The argument that people can appropriate unowned land by mixing their labor with it has a lot of problems. Labor is not a substance, and so it cannot be mixed. Even if it could be mixed, it is not clear why mixing it with something transforms the unowned particles into owned particles. Even if you can get past the weird mechanics of mixing, such appropriation would seem to violate ordinary libertarian ethics of non-aggression because everyone except the appropriator has their previously-existing access to the land violently taken from them without their consent.
These are all problems that have been discussed extensively and advocates of the theory lack a convincing retort. But there is another fundamental problem that I have not seen discussed before. And that problem is this: “land” ambiguously refers both to “soil” and to “space” and the mistaken conflation of the two is what really drives the entire labor-mixing theory.
When you ask someone what they mean when they say that someone has “mixed their labor” with a piece of land, they usually reach for an agricultural example: a person mixes their labor with the land by cultivating the soil and planting crops. Insofar as agriculture was the overwhelming purpose of land at the origin of this theory, this makes sense. But the example does not explain how space comes to be own.
If someone cultivates the soil, then the labor-mixing theory should say that they own the soil, not the space the soil sits in. The space the soil sits in, which can be described by reference to lines of longitude and latitude or by drawing lines on a map, is not mixable. It’s a container. It’s territory. It’s not soil.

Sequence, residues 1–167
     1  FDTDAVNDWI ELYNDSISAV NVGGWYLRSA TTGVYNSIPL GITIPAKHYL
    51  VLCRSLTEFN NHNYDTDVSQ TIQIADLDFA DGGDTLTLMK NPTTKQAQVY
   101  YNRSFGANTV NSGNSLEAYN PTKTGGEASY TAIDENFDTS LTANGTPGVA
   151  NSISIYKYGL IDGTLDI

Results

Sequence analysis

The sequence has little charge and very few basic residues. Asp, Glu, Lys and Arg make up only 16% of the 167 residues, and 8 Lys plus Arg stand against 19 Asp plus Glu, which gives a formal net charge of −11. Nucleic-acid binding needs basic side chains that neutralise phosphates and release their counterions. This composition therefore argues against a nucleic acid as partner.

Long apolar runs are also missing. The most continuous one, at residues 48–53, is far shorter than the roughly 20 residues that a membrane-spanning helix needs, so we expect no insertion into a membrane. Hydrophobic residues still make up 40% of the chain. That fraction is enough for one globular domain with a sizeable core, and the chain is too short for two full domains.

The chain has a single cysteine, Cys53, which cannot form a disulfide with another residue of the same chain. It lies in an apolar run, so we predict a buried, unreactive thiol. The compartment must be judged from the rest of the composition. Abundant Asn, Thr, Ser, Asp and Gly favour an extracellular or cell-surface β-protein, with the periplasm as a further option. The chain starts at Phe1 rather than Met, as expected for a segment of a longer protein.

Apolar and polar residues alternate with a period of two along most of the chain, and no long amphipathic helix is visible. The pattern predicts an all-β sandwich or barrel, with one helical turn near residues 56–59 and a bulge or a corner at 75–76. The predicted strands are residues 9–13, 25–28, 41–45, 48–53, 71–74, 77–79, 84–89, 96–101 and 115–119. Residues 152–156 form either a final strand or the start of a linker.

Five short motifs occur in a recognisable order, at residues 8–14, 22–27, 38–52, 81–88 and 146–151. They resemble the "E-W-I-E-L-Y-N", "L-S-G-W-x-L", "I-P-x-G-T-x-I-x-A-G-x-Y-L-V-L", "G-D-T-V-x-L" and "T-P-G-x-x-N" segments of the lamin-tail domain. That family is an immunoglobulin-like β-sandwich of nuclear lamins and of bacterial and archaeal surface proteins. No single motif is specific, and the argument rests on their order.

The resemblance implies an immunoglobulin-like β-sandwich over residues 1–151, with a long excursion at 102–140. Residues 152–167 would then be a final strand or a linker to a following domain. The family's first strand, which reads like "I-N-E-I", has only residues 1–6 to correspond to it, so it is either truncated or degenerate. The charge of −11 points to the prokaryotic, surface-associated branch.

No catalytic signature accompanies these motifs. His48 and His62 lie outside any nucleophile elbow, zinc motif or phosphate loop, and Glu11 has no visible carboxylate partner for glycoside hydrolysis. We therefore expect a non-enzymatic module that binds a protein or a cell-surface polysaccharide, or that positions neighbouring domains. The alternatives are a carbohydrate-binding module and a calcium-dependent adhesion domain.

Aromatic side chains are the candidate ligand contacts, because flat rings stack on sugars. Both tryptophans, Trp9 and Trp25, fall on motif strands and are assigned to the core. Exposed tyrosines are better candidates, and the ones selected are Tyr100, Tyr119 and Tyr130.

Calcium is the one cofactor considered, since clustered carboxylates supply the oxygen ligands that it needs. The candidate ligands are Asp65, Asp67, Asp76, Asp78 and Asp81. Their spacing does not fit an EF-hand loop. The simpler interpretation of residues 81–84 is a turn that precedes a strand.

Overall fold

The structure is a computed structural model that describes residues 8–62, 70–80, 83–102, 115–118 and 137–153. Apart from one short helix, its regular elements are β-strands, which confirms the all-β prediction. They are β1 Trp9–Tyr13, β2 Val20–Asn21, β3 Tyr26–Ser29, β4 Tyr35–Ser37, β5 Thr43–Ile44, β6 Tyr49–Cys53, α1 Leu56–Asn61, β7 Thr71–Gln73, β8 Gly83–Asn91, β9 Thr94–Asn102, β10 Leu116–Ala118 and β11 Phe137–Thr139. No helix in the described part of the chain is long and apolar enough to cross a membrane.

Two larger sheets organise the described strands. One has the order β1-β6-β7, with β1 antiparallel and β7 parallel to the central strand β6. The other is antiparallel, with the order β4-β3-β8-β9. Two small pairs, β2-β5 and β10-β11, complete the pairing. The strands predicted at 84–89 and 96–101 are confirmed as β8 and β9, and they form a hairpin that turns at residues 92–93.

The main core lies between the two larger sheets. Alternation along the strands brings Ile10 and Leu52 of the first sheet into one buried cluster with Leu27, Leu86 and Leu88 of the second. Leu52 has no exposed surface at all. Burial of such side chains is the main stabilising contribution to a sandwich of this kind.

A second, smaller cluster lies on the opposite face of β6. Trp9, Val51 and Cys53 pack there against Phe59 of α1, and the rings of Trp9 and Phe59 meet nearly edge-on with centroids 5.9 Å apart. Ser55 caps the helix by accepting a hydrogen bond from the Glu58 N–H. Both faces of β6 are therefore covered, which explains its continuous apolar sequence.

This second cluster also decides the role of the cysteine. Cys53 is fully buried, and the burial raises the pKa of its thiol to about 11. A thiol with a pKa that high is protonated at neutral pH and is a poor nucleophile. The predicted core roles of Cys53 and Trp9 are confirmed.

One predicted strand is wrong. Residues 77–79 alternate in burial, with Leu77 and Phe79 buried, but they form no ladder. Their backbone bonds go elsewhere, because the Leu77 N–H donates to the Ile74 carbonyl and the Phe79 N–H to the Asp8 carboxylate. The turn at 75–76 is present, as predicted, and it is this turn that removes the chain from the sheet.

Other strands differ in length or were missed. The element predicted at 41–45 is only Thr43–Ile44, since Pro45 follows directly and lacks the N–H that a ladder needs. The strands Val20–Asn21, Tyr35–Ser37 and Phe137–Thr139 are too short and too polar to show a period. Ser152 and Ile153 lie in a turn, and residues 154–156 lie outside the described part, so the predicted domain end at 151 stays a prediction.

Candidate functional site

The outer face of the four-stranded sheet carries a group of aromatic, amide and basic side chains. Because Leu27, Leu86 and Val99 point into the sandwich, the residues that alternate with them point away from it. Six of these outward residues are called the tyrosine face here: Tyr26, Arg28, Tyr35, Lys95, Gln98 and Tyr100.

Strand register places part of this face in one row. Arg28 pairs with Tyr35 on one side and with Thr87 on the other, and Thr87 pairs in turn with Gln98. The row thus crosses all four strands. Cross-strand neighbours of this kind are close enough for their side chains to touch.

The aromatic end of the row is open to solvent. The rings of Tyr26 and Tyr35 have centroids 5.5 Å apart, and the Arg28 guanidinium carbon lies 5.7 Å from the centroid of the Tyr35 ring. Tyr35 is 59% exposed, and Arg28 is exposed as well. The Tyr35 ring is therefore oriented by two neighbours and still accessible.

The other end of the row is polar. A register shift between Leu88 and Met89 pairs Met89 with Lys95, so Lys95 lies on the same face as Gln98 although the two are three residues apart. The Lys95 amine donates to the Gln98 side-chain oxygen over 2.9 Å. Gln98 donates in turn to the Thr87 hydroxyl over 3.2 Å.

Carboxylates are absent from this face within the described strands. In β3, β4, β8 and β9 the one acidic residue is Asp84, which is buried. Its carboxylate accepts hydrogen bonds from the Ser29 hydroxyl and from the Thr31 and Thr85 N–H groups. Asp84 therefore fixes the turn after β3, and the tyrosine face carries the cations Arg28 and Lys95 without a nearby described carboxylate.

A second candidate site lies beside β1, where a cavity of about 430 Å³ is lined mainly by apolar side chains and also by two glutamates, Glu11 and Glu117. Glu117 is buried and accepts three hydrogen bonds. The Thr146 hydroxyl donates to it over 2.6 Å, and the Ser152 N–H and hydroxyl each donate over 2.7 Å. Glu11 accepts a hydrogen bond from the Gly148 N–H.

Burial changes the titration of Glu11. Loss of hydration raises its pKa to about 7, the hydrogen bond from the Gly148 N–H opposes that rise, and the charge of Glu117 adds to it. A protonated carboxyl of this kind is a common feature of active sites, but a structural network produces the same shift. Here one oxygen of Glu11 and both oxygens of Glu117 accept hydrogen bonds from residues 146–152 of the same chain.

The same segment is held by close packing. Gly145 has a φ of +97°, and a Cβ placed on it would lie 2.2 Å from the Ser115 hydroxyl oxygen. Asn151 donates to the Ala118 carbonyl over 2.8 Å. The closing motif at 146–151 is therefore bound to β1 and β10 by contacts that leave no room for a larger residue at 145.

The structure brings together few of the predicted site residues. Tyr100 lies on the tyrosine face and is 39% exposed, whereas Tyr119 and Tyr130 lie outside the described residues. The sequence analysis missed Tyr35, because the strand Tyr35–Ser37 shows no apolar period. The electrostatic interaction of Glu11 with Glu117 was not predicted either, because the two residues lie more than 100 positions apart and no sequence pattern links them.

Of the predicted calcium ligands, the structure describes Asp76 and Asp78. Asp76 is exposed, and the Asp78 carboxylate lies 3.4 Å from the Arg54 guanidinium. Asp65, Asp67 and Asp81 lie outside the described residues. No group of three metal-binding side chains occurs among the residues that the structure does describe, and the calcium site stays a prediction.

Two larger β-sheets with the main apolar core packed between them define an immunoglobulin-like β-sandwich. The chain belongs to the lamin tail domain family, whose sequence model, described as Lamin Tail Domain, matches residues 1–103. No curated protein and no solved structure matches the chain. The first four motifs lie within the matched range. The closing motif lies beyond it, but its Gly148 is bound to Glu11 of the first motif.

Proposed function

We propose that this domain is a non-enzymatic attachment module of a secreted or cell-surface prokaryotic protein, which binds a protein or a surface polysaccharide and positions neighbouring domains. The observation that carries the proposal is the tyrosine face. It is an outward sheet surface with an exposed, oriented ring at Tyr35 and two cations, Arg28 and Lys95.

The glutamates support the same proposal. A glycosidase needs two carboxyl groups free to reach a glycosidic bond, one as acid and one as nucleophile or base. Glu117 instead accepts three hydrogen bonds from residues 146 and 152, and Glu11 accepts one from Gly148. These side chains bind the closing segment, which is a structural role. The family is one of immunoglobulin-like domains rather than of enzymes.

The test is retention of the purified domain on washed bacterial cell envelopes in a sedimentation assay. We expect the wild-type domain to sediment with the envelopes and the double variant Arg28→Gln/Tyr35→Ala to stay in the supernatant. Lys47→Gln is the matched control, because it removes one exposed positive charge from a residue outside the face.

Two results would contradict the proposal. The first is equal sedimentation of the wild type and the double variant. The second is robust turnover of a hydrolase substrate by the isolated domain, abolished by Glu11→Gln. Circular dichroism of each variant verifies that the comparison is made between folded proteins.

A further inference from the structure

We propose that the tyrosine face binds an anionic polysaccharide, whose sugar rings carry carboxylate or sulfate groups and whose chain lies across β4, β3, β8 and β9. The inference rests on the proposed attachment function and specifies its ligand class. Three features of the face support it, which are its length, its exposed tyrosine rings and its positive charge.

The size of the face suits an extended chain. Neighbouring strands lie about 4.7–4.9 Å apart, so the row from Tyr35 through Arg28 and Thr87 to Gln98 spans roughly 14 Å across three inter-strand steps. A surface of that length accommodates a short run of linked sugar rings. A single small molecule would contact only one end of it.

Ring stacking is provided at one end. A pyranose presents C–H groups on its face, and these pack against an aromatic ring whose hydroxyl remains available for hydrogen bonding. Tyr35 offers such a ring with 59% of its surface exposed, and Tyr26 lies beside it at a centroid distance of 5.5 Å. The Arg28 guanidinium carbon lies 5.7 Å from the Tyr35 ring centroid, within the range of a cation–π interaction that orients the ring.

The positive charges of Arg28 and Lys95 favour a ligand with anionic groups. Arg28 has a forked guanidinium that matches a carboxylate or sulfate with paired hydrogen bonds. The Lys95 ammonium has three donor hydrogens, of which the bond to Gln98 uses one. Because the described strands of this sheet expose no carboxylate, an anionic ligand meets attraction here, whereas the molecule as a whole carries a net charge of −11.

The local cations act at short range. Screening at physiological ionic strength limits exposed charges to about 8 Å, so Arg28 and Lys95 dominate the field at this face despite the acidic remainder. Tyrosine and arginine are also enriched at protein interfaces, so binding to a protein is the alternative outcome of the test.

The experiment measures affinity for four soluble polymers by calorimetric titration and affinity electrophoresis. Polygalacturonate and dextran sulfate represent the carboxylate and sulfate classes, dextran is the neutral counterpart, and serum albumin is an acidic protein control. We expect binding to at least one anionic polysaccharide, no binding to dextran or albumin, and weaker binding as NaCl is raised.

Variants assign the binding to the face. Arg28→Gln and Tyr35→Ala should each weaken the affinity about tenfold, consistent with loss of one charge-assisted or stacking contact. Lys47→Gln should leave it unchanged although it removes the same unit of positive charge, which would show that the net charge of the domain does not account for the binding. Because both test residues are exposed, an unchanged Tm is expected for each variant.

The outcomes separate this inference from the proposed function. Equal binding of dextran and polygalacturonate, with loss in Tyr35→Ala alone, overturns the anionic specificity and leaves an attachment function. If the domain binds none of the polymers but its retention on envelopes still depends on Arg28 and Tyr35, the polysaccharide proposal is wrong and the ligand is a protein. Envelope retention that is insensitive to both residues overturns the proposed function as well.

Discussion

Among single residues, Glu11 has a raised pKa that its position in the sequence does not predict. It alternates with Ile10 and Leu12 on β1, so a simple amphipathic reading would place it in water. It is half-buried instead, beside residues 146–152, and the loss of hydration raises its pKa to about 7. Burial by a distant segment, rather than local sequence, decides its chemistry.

The difference between “soil” and “space” is very easy to see once you recognize that soil can be moved to a different space. The layer of topsoil a person has mixed their labor with could be shoveled into a truck and moved elsewhere. Once that soil is moved, nothing is left in the space that the person has mixed their labor with.
The same is true of any other labor mixed in any other space. A house built on some piece of land could be loaded onto a special truck and moved. I’ve seen them do it on TV. So could any other structure. For any given land claim, the objects that the labor was mixed with could be isolated and moved outside of the space.
So how does someone ever come to own the space itself rather than just the objects that were sitting in the space when labor was mixed with them? This is not a trivial question because it is in fact the space that is so valuable. That’s what land rents (these days especially) are being paid to: not to soil but to space.
As far as I can tell, the labor-mixing theory has no actual argument for how space can be owned, but has instead equivocated between different uses of the word “land” to move deceptively from “soil can be owned” to “space can be owned” without providing a separate argument for the latter.